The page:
Online Prosocial Behaviors

Online Prosocial Behaviors

Michelle F. Wright (Pennsylvania State University, USA) and William Stanley Pendergrass (American Public University System, USA)
DOI: 10.4018/978-1-5225-7601-3.ch037

Abstract

Prosocial behaviors in the cyber context (i.e., the internet, text messages) can be traced back to when the internet was just a message board, used to share open source software. Following these early investigations of prosocial behaviors, clinicians recognized that the internet might remove barriers to help seeking. Recent investigations have provided support for the internet as a place to seek help among various populations. Prosocial behaviors in the cyber context also have benefits for the givers as well, including health benefits, personal satisfaction, and reputational increases. This chapter draws on multidisciplinary research to review prosocial behaviors in the cyber context.
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Introduction

Over three billion people use electronic technologies (e.g., cell phones, the internet) everyday (Internet Live Stats, 2016). Although there are many investigations and news stories about negative online behaviors, less attention has been given to positive online behaviors. There are many opportunities to receive help or to perform prosocial acts through electronic technologies. This chapter focuses on online prosocial behaviors. The chapter includes eight sections:

  • Section one provides the definition of offline and online prosocial behaviors.

  • Section two examines the unique characteristics of the cyber context and how such characteristics are conductive to prosocial behaviors.

  • Section three focuses on various online prosocial behavior, including helping through electronic groups, online mentoring, online donations to charities, virtual voluntarism, and helping in other electronic contexts (e.g., social networking sites).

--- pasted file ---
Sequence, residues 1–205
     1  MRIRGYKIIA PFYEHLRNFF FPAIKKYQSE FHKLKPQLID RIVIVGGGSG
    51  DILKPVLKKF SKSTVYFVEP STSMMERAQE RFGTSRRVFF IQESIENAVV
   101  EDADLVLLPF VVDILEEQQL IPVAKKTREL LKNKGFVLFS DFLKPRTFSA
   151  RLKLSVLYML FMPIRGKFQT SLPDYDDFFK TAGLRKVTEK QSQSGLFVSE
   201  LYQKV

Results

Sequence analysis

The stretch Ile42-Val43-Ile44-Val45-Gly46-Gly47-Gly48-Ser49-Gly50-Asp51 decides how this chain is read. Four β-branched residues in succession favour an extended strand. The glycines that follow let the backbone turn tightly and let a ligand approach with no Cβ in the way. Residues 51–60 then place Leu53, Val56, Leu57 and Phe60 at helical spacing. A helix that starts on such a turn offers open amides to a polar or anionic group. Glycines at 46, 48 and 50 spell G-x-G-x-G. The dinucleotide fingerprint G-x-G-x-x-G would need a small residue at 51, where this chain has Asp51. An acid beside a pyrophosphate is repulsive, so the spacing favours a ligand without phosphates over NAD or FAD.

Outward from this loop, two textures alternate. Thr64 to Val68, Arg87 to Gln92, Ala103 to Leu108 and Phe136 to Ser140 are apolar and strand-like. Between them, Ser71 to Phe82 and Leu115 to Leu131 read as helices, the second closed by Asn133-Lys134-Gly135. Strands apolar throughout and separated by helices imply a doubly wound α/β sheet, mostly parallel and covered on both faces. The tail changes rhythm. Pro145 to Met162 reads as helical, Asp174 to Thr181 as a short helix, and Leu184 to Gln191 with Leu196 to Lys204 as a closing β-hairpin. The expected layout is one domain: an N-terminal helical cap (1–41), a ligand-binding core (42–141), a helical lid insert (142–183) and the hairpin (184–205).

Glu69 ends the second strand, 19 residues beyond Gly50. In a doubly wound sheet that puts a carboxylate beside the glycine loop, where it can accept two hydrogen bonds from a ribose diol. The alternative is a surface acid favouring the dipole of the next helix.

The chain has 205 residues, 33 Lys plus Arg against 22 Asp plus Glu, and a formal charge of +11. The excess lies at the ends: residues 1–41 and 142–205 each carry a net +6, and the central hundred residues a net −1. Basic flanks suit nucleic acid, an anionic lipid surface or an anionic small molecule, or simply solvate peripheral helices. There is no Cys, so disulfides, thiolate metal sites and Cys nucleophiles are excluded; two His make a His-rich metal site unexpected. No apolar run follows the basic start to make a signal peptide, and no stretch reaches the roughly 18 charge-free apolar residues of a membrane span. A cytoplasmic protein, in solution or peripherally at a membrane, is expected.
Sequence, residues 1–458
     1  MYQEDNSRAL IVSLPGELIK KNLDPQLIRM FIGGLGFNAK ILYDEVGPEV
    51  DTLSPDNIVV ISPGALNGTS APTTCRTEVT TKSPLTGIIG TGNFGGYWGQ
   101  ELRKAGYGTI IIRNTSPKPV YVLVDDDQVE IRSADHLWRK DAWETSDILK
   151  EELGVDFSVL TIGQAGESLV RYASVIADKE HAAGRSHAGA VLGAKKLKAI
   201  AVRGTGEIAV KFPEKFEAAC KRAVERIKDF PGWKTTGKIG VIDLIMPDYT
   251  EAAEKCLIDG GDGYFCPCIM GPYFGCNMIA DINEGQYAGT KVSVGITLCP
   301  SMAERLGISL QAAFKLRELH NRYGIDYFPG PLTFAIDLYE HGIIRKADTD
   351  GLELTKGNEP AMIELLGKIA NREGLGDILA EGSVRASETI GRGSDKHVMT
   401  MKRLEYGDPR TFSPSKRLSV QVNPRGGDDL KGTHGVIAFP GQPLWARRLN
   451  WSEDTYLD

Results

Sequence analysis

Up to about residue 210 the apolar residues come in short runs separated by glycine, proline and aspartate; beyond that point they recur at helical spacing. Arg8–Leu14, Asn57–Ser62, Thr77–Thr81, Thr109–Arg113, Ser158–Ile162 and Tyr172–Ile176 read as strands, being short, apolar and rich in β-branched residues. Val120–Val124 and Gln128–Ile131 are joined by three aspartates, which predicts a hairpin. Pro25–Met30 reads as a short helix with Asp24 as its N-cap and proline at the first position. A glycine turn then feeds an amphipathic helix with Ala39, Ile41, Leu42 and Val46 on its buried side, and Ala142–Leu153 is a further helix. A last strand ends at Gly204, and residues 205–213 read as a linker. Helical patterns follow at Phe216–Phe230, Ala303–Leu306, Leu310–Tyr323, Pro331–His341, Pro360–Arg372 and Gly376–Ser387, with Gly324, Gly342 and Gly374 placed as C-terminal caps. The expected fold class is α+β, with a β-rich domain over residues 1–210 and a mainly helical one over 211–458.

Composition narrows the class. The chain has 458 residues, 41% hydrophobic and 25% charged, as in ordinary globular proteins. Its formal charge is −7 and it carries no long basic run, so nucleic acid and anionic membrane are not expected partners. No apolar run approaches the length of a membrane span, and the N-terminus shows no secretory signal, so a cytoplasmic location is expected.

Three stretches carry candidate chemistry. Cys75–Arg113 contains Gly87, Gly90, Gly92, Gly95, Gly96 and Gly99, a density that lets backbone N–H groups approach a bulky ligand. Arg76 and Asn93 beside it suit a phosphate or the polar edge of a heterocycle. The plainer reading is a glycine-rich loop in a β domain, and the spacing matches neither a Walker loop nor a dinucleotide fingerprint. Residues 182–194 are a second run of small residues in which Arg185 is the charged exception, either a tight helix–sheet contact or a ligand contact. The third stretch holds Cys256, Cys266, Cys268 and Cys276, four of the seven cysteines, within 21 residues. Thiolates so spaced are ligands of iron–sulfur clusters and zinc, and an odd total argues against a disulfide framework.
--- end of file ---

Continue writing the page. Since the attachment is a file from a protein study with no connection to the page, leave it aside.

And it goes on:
• Section four investigates the value of online prosocial behaviors to the giver and receiver.

  • Section five provides theoretical explanations for why people engage in online prosocial behavior.

  • Section six describes solutions and recommendations for organizations wanting to harness electronic technologies for various helping opportunities.

  • Section seven presents suggestions for future research on online prosocial behavior.

  • The last section provides concluding remarks regarding the chapter.

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Characteristics Of Online Prosocial Behaviors

Online prosocial behaviors have some characteristics that set them apart from the same behaviors offline. Search engines make it easier to find opportunities to help or receive help online (Sproull, Conley, & Moon, 2013). It is easier to give or receive help online because one’s physical appearance or personal attributes do not influence other’s opinions (Brennan, Moore, & Smyth, 1992). Individuals can use fake names or screen names and hide their identities online, which reduces stigmas associated with seeking help (Wright & Li, 2012). The online environment offers flexibility to individuals wanting to help or give help, allowing them to give help or receive help even with restricted schedules. There is high controllability over online prosocial behaviors. The online environment allows givers to choose when they want to help and if they want to help again without feeling pressured (Sproull et al., 2013; Wright & Li, 2012).

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